ORLANDOAdjuvant therapy for breast cancer can be improved
through the use of new agents, such as taxanes, Edith A. Perez,
MD, said at the Joint Cancer Conference of the Florida Universities.
Dr. Perez is associate professor of medicine, Mayo Medical School,
and director of the Clinical Investigation & Breast Cancer
Program, Mayo Clinic, Jacksonville, Florida.
With metastatic breast cancer, the data have been accumulated showing
that combinations such as epirubicin (Ellence) and a taxane achieve
high activity. We now feel that its reasonable to move
these combinations into clinical trials in the adjuvant setting,
Dr. Perez said in an interview with ONI.
Epirubicin became available in the United States this past fall,
based on a number of Canadian and European trials supporting its use.
We want to bring this innovative combination to the United
States and are now engaged in developing a study to support it,
Dr. Perez said.
Other studies in which she is involved are exploring the value of
various dosing regimens. One study is examining the use of paclitaxel
(Taxol) or docetaxel (Taxotere) at a regular weekly dosing regimen vs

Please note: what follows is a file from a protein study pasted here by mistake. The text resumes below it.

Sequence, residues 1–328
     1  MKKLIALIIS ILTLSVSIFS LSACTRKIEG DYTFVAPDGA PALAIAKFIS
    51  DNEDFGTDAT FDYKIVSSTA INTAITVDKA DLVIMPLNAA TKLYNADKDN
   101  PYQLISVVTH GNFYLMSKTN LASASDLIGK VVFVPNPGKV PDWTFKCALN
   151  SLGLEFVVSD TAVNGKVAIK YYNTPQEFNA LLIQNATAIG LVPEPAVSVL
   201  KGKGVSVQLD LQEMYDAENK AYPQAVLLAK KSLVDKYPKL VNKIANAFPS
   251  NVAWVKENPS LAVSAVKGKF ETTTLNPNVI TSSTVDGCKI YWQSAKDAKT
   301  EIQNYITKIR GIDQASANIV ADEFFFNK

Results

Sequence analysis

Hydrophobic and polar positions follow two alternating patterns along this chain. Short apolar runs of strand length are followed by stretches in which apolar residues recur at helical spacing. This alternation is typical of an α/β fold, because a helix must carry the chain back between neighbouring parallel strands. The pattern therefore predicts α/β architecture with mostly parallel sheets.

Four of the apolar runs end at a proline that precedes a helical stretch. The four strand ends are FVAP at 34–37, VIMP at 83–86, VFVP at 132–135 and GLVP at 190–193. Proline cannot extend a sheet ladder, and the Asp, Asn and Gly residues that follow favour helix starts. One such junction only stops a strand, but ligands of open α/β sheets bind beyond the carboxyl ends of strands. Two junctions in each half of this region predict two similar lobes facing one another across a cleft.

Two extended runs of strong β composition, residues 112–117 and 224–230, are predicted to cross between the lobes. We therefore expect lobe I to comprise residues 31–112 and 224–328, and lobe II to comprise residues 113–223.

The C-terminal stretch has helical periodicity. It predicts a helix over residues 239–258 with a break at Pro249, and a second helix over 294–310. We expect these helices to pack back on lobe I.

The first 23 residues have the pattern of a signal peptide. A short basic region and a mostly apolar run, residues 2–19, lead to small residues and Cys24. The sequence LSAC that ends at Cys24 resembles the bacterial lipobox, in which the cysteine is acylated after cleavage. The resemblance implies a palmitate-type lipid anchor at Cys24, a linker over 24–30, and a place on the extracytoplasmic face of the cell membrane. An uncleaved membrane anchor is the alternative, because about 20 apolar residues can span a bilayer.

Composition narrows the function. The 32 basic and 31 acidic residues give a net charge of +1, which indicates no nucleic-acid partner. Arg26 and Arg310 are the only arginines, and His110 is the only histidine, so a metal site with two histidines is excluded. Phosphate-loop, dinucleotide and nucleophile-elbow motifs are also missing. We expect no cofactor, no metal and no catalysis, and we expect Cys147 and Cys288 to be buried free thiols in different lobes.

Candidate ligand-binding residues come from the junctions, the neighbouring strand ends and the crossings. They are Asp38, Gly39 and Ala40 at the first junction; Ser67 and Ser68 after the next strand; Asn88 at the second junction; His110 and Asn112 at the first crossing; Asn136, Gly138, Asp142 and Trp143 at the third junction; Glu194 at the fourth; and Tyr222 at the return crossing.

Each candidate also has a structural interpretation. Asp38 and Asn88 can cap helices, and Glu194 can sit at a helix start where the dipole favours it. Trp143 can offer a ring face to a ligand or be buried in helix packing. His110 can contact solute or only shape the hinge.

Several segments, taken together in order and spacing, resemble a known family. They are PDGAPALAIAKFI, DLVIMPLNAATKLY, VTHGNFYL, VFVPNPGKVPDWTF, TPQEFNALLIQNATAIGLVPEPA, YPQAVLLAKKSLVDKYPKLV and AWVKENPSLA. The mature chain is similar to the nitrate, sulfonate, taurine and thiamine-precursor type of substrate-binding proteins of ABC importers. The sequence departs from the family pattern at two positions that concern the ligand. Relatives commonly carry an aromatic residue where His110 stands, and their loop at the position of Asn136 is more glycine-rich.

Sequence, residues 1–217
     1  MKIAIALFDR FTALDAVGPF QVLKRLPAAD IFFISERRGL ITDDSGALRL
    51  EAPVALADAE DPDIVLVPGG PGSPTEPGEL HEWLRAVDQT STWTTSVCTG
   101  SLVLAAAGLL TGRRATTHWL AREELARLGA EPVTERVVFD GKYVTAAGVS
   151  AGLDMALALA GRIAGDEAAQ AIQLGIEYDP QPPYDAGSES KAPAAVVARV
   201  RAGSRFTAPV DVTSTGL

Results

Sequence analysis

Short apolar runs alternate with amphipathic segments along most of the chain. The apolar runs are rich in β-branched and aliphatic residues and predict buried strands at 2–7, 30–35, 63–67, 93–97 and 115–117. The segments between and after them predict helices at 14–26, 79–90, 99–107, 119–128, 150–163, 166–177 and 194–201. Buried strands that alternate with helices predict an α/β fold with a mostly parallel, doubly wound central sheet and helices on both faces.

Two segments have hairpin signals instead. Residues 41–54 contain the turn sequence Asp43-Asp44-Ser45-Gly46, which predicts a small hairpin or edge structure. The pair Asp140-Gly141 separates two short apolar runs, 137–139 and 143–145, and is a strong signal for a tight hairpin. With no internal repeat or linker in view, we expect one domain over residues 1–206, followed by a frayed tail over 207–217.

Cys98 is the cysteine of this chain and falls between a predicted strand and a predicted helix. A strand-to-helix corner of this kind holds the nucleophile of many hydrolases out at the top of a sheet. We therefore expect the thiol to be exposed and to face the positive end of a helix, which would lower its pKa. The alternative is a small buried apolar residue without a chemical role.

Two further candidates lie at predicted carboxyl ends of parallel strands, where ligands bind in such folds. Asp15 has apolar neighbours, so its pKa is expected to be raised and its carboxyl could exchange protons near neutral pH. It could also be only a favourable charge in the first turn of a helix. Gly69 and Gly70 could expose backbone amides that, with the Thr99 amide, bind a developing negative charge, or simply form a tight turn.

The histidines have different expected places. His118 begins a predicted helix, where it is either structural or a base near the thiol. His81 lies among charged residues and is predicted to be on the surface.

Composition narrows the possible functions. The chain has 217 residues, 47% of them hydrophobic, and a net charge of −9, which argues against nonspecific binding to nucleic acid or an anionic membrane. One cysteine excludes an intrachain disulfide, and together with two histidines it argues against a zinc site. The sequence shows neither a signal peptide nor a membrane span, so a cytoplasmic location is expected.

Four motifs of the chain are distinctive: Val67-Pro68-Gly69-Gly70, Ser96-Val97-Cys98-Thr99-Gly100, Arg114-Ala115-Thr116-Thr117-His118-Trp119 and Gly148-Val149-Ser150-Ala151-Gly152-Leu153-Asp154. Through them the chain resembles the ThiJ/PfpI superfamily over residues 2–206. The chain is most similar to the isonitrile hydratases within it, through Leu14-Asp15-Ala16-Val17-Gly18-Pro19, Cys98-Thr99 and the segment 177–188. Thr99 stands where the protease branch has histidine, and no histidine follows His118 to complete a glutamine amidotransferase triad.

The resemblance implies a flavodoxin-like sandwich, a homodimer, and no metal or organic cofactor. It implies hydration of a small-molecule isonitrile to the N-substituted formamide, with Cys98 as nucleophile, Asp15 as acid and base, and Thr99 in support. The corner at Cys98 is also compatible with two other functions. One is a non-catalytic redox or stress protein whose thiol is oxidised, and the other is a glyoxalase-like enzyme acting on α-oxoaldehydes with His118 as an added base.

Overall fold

3 weeks on and 1 week off. This may increase tolerability while
producing the same response rate, she said.
Another study has the goal of optimizing the schedule of chemotherapy
combined with the anti-HER-2/neu monoclonal antibody trastuzumab
(Herceptin). In this study, patients in one group will receive
chemotherapy every 3 weeks and Herceptin weekly. Patients in the
other group will undergo weekly chemotherapy and weekly Herceptin.
Yet another study that will begin soon will investigate whether
patients with a low degree of HER-2/neu expression can benefit from
Herceptin therapy. In that study, all the patients will receive
chemotherapy but half will get Herceptin and half will not. Herceptin
has already been shown to be effective in the treatment of patients
with a high degree of HER-2/neu expression, Dr. Perez said.